Took it in snuff.—And still he smiled and talked ;
And as the soldiers bare dead bodies by,
He called them untaught knaves, unmannerly,
To bring a slovenly unhandsome corse
Betwixt the wind and his nobility.
With many holiday and lady-terms
He questioned me: amongst the rest demanded
My prisoners in your majesty's behalf.
I then, all smarting with my wounds, being galled
To be so pestered with a popinjay,
Out of my grief, and my impatience,
Answer'd neglectingly, I know not what :
He should, or should not: for he made me mad,
To see him shine so brisk, and smell so sweet,
And talk so like a waiting gentlewoman,
Of guns and drums, and wounds : (God save the mark!)
And telling me, the sovereign'st thing on earth
Was parmaceti for an inward bruise ;
And that it was great pity—so it was,
That villainous saltpetre should be digged
Out of the bowels of the harmless earth,
Which many a good tall fellow had destroyed
So cowardly: and but for these vile guns,
He would himself have been a soldier.
13. CLARENCE AND BRAKENBURY.
BRAK. Why looks your grace so heavily to-day ?
CLAR. O, I have passed a miserable night,
So full of ugly sights, of ghastly dreams,
That, as I am a Christian faithful man,
I would not spend another such a night,
Though 'twere to buy a world of happy days;
So full of dismal terror was the time.
sit. Brak. What was your dream, my lord ? I pray you teli
CLAR. Methought that I had broken from the Tower,
And was embarked to cross to Burgundy,
And in my company my brother Gloster;
Who from my cabin tempted me to walk
Upon the hatches. Thence we looked toward England,
And cited up a thousand heavy times,
During the wars of York and Lancaster,
That had befallen us. As we paced along
Upon the giddy footing of the hatches,
Methought that Gloster stumbled, and, in falling,
Struck me (that sought to stay him) overboard,
Into the tumbling billows of the main.
Lord, Lord, methought what pain it was to drown !
What dreadful noise of waters in mine ears!
What ugly sights of death within mine eyes!
Methought I saw a thousand fearful wrecks;
Ten thousand men that fishes grawed upon ;
Wedges of gold, great anchors, heaps of pearl,
Inestimable stones, unvalued jewels;
All scattered in the bottom of the sea.
Some lay in dead men's skulls; and in those holes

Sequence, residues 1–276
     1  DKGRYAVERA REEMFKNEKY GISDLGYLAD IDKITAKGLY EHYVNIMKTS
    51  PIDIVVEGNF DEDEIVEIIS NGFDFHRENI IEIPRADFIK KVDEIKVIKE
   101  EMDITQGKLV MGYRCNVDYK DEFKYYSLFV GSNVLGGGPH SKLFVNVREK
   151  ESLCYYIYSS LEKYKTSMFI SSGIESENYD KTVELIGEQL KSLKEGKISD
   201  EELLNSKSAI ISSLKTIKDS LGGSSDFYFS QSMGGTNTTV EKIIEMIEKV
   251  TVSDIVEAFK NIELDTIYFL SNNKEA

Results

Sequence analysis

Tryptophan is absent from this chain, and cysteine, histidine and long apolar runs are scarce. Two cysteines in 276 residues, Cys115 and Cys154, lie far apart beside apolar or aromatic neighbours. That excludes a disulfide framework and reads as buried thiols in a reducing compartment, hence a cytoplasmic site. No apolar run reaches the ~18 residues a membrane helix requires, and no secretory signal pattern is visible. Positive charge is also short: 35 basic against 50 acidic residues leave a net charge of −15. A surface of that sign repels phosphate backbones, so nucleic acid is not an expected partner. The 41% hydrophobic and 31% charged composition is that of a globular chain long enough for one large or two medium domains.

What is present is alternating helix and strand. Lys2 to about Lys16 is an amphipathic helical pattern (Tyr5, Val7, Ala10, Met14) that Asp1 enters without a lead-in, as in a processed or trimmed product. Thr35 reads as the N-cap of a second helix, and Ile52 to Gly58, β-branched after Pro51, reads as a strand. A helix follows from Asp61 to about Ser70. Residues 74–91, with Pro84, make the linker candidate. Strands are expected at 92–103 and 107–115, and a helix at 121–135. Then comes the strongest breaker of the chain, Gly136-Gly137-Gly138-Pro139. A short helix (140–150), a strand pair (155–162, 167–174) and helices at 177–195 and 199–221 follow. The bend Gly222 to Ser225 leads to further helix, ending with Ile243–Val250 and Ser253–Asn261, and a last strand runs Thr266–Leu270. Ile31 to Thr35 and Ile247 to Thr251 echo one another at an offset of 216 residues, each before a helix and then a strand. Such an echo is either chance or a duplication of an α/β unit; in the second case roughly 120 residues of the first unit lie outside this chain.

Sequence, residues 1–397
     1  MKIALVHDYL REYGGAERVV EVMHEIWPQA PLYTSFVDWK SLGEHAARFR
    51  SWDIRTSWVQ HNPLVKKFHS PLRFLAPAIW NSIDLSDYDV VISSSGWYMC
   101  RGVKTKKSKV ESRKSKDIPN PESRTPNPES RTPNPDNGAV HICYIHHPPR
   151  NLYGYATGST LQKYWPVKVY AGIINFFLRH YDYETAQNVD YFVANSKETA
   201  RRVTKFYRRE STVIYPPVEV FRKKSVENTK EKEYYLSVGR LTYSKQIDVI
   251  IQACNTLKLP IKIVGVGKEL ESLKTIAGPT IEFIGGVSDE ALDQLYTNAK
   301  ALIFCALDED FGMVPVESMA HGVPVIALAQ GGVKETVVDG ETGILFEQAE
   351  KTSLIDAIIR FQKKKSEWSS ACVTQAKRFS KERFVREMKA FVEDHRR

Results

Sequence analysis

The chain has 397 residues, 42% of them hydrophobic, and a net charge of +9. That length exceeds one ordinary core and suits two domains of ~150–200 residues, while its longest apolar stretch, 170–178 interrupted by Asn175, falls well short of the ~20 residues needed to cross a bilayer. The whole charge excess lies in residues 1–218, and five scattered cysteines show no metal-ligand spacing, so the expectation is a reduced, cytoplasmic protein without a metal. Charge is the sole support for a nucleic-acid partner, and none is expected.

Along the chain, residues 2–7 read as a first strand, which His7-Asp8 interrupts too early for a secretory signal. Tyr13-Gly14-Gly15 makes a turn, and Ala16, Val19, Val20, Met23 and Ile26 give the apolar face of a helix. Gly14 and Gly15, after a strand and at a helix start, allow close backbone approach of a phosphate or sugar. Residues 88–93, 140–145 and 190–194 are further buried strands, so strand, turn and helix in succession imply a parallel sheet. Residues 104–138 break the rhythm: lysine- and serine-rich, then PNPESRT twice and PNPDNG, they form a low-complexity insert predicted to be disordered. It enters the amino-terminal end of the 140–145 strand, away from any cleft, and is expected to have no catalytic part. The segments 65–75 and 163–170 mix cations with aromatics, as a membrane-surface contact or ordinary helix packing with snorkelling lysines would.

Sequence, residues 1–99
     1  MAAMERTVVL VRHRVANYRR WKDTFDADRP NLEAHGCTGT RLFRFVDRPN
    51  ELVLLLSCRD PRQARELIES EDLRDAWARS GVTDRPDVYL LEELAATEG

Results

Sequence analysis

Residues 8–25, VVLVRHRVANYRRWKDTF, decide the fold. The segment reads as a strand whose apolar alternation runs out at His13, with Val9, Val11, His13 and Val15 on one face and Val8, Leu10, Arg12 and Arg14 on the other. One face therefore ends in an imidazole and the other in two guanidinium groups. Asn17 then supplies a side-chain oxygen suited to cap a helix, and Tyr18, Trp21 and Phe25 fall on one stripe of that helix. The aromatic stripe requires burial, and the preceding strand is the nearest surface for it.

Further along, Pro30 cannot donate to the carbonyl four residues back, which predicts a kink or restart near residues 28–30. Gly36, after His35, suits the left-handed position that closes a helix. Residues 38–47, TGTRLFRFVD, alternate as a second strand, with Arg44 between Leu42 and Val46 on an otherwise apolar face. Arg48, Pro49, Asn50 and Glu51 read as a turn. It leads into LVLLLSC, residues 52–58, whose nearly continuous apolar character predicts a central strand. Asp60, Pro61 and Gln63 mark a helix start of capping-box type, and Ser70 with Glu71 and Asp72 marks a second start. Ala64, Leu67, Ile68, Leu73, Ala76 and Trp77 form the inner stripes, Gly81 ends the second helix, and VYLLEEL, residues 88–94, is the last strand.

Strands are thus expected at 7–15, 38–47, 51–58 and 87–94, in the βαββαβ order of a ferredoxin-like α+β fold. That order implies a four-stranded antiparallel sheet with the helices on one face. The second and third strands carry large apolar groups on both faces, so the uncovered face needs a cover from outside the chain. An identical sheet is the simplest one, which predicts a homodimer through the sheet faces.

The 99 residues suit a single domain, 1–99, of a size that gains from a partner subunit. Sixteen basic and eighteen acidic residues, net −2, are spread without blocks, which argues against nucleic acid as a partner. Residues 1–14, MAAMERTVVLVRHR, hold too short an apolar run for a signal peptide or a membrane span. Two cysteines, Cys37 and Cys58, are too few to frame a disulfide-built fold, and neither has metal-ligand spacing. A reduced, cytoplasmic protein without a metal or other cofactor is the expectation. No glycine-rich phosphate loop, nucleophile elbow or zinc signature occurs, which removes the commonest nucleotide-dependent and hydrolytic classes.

eyes did once inhabit, there were crept,
As 'twere in scorn of eyes, reflecting gems,
That wooed the slimy bottom of the deep,
And mocked the dead bones that lay scattered by.
BRAK. Had you such leisure in the time of death, To gaze upon
the secrets of the deep ?
CLAR. Methought I had; and often did I strive
To yield the ghost; but still the envious flood
Kept in my soul, and would not let it forth
To seek the empty vast and wandering air ;
But smothered it within my panting bulk,
Which almost burst to belch it in the sea.
BRAK. Awaked you
not with this sore agony ?
Clar. No, no ; my dream was lengthened after life.
O then began the tempest to my soul :
I passed, methought, the melancholy flood,
With that grim ferryman that poets write of,
Unto the kingdom of perpetual night.
The first that there did greet my stranger soul,
Was my great father-in-law, renowned Warwick,
Who cried aloud—“What scourge for perjury
Can this dark monarchy afford false Clarence ?
And so he vanished. Then came wandering by
A shadow like an angel, with bright hair
Dappled in blood, and he shrieked out aloud-
“ Clarence is come, false, fleeting, perjured Clarence,
That stabbed me in the field by Tewkesbury;
Seize on him, Furies, take him to your torinents ! ”
With that, methought, a legion of foul fiends
Environed me, and howlèd in mine ears
Such hideous cries, that with the very noise
I trembling waked; and for a season after
Could not believe but that I was in hell :
Such terrible impression made my dream.
BRAK. No marvel, lord, that it affrighted you;
I am afraid, I promise you, to hear you tell it.
CLAR. O, Brakenbury, I have done those things
Which now give evidence against my soul,
For Edward's sake : and see how he requites me
O God ! if my deep prayers cannot appease thee,
But thou wilt be avenged on my misdeeds,
Yet execute thy wrath on me alone :
O spare my guiltless wife and my poor children!